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Gas ranges have gotten a lot of attention, but electric ranges are still the better-selling of the two in terms of cooktops. While gas is great for high high heats, electric stoves like this 24 Inch Range from Verona offer a greater level of control and precision, which is especially useful for things like candy making. Electric ranges typically take longer to heat up (and longer to cool down), but are better at heating a specific area to a certain steady temperature.
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Fuel For The Oven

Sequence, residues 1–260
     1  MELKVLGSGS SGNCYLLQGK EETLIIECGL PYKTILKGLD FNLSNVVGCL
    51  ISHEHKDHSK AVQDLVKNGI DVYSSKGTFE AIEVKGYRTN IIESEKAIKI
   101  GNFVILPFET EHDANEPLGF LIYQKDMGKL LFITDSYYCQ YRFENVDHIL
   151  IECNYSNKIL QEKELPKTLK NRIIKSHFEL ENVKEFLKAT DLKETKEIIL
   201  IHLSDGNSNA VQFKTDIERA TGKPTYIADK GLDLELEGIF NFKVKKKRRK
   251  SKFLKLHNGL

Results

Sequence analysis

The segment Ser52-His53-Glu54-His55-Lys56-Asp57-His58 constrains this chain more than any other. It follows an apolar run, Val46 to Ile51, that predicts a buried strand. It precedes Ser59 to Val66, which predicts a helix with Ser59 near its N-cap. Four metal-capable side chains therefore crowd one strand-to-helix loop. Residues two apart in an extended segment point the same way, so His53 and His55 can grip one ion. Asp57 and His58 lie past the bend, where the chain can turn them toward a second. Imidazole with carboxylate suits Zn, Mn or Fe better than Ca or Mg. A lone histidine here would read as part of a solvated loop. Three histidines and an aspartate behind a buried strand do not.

It’s also important to consider what fuel you want to use for your oven. As a rule of thumb, electric ovens provide a more even, precise heating than gas. If you’re looking for a convection oven (which provide a significantly more even, more rapid cooking and reduced cook times), it’s both more difficult and more expensive to find one that uses gas. As well, electric ranges have much, much more efficient self-cleaning cycles than stoves that use natural gas (or especially propane, if you live in a remote area), which should be a factor if you desire a high-heat self-cleaning function. Deluxe professional-style ranges like this Self Cleaning Double Range offer the best of all worlds, but often come with a premium price tag.